Get in

By air

Unless flying to Milwaukee or Madison, it is often easier to enter Wisconsin by making a connection in another state. Midwest Airlines/Frontier Airlines [2], with a hub in Milwaukee, serves most Wisconsin cities and is known for its excellent service but has limited service nationally. The most comprehensive service from a hub/hubs to Wisconsin is provided by Delta Air Lines [3] through Minneapolis, Detroit, Memphis, Cincinnati, and Atlanta. United [4] also provides frequent service to the southern two thirds of the state via Chicago O'Hare. American [5] has a substantial number of flights from Chicago O'Hare as well. Other carriers providing less frequent service include Continental Express (Cleveland and Newark), US Airways, AirTran, and Southwest.

Milwaukee handles a very limited number of flights from Toronto and some Mexican destinations. Travelers originating internationally will find the greatest number of flight options if they opt to make connections through Chicago O'Hare. Connections from international services are also available through Minneapolis and Detroit as well as Cincinnati.

By boat

These services are only available from late Spring through early Fall.

  • Lake Express, [6]. Car ferry between Milwaukee, Wisconsin, and Muskegon, Michigan. Two and a half hour trip.
  • S.S. Badger, [7]. Car ferry between Manitowoc, Wisconsin, and Ludington, Michigan. Four hour trip.

By bus

Greyhound and Megabus serve Milwaukee, Madison, and other cities. Also check Van Galder and Jefferson Bus lines. Check their websites from services, schedules, and fares.

By rail

  • Amtrak [8] connects Chicago to Milwaukee via the Hiawatha service. The Empire Builder line, strectching from Chicago to Seattle/Portland, travels through Wisconsin, making five stops in the state (Milwaukee, Columbus, Portage, Wisconsin Dells, Tomah, and La Crosse).
  • The Chicagoland Metra [9] also has a line that stretches up all the way to Kenosha.

Get around

General

  • Getting Around Wisconsin Without A Car: A Public Transportation Guide (pdf) [10].

Automobile

Unless there is a sign saying otherwise, it is legal to make a right turn after stopping for a red light.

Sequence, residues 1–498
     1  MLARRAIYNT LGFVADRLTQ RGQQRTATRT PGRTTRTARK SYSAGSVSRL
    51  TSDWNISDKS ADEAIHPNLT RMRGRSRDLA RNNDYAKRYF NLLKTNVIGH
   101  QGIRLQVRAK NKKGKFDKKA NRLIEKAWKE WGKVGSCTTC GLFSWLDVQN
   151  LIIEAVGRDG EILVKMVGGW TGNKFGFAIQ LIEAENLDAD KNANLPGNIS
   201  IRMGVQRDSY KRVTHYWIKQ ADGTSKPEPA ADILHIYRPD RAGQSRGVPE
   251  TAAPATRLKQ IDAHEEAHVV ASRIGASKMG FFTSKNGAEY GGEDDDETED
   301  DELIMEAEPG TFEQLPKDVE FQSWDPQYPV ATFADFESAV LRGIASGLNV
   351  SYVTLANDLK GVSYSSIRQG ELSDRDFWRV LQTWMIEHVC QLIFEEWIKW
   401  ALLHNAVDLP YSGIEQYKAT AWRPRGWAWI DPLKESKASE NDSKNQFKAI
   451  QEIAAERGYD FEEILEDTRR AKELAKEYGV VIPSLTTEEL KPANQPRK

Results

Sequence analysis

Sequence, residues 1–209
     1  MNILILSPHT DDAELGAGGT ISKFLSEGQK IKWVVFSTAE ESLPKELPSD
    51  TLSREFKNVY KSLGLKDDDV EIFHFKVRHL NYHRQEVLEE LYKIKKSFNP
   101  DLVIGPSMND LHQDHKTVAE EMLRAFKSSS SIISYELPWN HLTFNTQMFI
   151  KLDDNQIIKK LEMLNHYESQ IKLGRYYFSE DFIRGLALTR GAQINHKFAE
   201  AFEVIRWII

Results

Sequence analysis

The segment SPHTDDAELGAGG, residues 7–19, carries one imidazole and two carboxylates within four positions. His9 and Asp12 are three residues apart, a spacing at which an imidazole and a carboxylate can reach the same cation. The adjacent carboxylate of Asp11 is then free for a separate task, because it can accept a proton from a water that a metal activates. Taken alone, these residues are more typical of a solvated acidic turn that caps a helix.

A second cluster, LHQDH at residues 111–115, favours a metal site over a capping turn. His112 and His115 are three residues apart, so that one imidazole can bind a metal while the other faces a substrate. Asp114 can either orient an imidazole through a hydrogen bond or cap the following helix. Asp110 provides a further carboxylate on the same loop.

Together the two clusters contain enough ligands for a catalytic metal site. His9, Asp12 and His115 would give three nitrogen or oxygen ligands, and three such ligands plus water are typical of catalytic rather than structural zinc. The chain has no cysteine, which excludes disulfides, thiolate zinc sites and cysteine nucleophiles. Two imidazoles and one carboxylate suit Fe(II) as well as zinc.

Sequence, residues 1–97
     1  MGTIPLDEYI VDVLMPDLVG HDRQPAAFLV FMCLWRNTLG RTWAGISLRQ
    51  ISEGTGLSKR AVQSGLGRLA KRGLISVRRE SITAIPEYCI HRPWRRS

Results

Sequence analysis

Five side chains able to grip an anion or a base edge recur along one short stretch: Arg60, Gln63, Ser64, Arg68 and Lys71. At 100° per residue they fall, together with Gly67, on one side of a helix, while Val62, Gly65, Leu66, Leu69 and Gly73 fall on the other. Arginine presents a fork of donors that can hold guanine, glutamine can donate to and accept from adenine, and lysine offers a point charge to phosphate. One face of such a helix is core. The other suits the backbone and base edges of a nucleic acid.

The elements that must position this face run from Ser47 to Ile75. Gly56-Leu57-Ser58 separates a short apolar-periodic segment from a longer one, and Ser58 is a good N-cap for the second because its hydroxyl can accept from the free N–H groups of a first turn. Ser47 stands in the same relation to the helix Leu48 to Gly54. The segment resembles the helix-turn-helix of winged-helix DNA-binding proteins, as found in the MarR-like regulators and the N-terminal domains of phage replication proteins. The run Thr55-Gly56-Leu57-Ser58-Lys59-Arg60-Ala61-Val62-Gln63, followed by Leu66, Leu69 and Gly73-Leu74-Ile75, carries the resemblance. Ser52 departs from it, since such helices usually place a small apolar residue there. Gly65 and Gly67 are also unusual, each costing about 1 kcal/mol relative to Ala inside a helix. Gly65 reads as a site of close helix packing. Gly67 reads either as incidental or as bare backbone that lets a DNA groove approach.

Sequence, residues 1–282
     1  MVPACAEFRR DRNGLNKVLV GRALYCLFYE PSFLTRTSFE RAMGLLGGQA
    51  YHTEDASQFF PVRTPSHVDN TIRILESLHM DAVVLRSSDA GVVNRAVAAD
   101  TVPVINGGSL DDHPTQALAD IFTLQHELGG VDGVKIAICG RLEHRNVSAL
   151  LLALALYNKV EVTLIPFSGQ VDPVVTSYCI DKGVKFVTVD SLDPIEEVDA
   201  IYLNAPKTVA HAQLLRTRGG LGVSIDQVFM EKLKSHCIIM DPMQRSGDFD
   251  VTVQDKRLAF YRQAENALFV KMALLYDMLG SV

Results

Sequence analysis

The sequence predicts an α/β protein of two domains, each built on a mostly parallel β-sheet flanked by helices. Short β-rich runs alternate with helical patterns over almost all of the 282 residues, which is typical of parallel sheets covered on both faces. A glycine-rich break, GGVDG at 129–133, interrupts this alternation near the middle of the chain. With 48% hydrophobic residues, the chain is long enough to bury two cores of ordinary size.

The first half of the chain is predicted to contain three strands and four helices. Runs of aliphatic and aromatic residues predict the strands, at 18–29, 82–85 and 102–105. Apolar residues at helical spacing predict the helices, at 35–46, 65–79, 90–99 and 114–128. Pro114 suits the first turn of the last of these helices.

Bus

Several bus companies provide service with-in the state.

  • Badger Coaches, [11]. Runs 6+ daily roundtrips between Milwaukee and Madison.
  • Greyhound. Greyhound busses provide travel throughout the state, along all major cities and towns along I-43, US 45, I-90, I-94, and more, servicing among others Appleton, Brookfield, Eau Claire, Fond du lac, Green Bay, Kenosha, La Crosse, Milwaukee, Oshkosh, Racine, Stevens Point, Waukesha, Wisconsin Dells, and more. They also sell tickets (often cheaper) for other companies.
  • Indian Trails, [12]. Daily service from (Chicago via) Milwaukee to Michigan's Upper Peninsula stopping in Marinette, Green Bay, Manitowoc, Sheboygan. Onward connections are available. Buses have wifi and power outlets.
  • Jefferson Lines, [13]. Connects Milwaukee, Madison, and La Crosse daily with interim stops across Wisconsin. Jefferson prides itself on its 'eco-friendly' new coaches. Connections are available at Minneapolis.
  • Lamers Coach, [14]. Daily. Milwaukee, Fond du Lac, Oshkosh, Appleton, Waupaca, Stevens Point, Wausau.
  • Wisconsin Coach, (toll free: +1 877-324-7767, ), [15]. Wisconsin Coach offers several services around Southeast Wisconsin to/from Milwaukee. $26.

Plane

Wisconsin has two international airports, Mitchell International in Milwaukee (MKE), which is a hub for Midwest Airlines/Frontier Airlines, and Austin Straubel International in Green Bay (GRB). Regional airports with scheduled service exist in Madison (MSN), Appleton (ATW), Wausau/Stevens Point (CWA), Rhinelander (RHI), La Crosse (LSE), and Eau Claire (EAU). Service to the far western "Indianhead" region of the state can be found across the Minnesota border in Minneapolis (MSP) and Duluth (DLH). Travel by air within Wisconsin has become rather impractical in the last 25 years. Unless traveling to/from Milwaukee, travel between Wisconsin cities by air requires a connection in Milwaukee, Chicago, Minneapolis or even Detroit. It is usually faster and less expensive to travel within the state via automobile.

Train

Amtrak has two lines that service the state. The Hiawatha has 7 daily roundtrips between Milwaukee and Chicago, with additional stops outside of Racine and at Mitchell Field Airport. The Empire Builder runs once daily, and effectively parallels I-94 to Chicago coming all the way from Seattle, Washington. The Train station has recently been remodeled into a nice clean and modern looking building located downtown.